Case number: OIC-61120-F0M8G0
19 May 2020
On 12 July 2019, the applicant in this case submitted a request to the Hospital for a copy of an incident report that was created following an alleged incident involving her in a unit of the Hospital on a date in March 2017. It appears the unit manager banned her from visiting the unit following the alleged incident. In response, the Hospital provided the applicant with a copy of the report sought, which contained a hand-written account of the alleged incident.
On 29 October 2019, the applicant submitted an application for the amendment of the record on the ground that the account given was untrue and did not accurately represent what happened. She said the Unit manager had subsequently given her a different account of the alleged incident that was also untrue.
On 14 November 2019, the Hospital refused the application for amendment. The applicant sought an internal review of that decision on 2 December 2019. Among other things, she argued that the description of the alleged incident in the record did not correspond with the unit manager’s description of the matter during their subsequent meeting. She indicated that she was seeking the real reason for the decision to ban her from visiting the unit.
On 20 January 2020, the applicant sought a review by this Office of the Hospital’s deemed refusal of her application for internal review. The Hospital issued a late internal review decision on 24 January 2020, wherein it affirmed the refusal of the application for amendment of the record on the ground that the applicant provided no information to suggest that amendment was warranted. The applicant subsequently informed this Office that she wished the review to proceed.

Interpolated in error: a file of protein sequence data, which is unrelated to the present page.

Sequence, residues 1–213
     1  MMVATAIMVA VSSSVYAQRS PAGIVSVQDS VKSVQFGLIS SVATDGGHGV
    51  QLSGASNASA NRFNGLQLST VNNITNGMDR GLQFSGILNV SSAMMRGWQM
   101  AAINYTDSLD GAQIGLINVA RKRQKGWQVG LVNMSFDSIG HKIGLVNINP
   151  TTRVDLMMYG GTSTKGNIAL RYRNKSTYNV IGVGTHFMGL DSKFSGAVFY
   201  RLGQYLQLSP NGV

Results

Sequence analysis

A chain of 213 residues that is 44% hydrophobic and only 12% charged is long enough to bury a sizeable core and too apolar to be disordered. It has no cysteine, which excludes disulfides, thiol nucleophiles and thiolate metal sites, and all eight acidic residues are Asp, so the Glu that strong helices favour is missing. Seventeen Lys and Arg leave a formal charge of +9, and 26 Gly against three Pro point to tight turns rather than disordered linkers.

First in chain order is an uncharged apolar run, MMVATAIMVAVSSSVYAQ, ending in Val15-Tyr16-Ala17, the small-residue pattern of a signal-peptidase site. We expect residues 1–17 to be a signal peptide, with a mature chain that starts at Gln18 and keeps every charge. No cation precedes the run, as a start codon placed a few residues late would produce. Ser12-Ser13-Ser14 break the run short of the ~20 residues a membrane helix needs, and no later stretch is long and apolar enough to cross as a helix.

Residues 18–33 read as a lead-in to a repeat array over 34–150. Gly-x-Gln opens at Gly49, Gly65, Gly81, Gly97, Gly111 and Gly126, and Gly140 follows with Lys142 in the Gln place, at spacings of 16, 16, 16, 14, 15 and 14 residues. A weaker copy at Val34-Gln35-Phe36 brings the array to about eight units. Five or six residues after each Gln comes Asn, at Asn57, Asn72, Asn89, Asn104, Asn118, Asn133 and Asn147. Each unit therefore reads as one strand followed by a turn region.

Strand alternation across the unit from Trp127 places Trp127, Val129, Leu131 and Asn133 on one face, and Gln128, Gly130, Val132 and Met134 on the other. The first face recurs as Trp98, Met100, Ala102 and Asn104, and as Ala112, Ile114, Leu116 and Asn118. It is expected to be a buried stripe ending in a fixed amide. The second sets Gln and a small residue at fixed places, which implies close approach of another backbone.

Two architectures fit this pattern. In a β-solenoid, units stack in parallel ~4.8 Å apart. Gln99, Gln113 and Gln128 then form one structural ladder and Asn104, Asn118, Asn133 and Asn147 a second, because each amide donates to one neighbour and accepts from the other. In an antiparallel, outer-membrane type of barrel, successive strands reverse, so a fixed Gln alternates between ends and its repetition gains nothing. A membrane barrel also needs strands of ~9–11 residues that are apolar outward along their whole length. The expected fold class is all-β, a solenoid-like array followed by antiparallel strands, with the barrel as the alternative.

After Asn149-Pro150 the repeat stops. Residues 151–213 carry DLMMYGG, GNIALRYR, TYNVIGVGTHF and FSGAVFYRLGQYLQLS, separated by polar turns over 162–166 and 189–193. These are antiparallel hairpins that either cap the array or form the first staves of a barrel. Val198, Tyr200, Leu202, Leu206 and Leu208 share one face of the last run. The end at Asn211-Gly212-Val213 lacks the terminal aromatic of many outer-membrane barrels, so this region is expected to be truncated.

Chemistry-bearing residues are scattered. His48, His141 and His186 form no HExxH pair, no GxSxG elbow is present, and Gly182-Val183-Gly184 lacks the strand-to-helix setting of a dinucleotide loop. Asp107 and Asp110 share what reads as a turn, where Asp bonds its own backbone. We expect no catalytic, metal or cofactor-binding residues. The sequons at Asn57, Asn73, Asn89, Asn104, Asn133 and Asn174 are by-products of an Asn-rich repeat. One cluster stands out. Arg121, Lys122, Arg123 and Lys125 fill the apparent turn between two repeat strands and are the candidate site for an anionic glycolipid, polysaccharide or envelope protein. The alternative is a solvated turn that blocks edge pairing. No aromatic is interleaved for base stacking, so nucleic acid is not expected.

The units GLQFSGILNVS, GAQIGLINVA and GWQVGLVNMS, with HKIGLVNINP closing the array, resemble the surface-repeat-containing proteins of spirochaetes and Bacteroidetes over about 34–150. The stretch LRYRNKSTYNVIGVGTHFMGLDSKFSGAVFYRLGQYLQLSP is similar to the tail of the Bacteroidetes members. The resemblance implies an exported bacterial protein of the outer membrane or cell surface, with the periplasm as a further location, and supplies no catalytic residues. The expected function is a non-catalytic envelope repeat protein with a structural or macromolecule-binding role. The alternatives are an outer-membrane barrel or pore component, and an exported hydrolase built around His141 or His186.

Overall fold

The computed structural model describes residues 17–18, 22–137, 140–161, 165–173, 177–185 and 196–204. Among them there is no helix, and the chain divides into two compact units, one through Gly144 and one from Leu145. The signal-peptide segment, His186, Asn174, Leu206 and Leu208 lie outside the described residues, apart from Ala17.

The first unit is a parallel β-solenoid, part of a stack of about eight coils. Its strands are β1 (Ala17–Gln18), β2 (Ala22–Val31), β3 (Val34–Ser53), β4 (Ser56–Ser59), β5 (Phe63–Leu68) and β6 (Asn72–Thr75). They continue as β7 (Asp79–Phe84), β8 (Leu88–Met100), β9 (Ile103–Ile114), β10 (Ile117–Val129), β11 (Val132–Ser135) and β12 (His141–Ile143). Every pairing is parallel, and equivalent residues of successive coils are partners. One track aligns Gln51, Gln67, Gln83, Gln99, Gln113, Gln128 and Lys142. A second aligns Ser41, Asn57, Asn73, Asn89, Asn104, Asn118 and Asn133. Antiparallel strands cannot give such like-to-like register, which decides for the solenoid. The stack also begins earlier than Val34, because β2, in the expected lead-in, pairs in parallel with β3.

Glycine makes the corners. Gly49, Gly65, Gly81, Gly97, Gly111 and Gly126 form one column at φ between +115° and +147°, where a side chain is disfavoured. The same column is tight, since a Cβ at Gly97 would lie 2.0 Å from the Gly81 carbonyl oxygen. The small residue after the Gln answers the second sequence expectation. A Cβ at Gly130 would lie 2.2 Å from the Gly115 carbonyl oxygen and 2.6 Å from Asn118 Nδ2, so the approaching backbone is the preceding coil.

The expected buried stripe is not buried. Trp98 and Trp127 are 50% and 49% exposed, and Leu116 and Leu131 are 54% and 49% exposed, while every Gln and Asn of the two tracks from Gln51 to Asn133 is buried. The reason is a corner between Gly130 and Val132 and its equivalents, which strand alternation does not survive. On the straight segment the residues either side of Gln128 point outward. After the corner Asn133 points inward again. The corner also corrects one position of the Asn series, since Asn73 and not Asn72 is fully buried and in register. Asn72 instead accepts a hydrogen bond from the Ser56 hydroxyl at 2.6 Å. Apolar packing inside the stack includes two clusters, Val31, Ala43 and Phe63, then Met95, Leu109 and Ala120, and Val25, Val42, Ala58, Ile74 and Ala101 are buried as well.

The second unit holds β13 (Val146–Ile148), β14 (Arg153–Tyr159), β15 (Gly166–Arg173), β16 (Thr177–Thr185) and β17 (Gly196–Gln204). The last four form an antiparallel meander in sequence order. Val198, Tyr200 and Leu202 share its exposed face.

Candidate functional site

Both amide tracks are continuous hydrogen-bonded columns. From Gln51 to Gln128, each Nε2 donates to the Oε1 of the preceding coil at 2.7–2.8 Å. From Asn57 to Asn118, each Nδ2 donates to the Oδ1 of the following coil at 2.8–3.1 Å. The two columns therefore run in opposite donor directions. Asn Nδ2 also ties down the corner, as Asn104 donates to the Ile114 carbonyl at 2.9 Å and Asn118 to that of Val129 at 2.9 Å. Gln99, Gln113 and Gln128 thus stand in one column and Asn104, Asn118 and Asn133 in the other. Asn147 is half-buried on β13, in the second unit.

I have now completed my review in accordance with section 22(2) of the FOI Act. In carrying out this review, I have had regard to the communications between the parties, as above, and those between this Office and the parties on the matter. I have decided to conclude this review by way of a formal, binding decision.
This review is concerned solely with whether the Hospital was justified in refusing the application made under section 9 of the Act for the amendment of a record of an alleged incident involving the applicant.
Section 9 of the FOI Act provides for the amendment of incomplete, incorrect or misleading personal information in records held by an FOI body. An applicant seeking amendment of records should show, first, that that the information concerned constitutes personal information and, second, that the information is incomplete, incorrect or misleading. Section 9(2)(b) requires that an application for amendment "shall, in so far as is practicable ... include appropriate information in support of the application."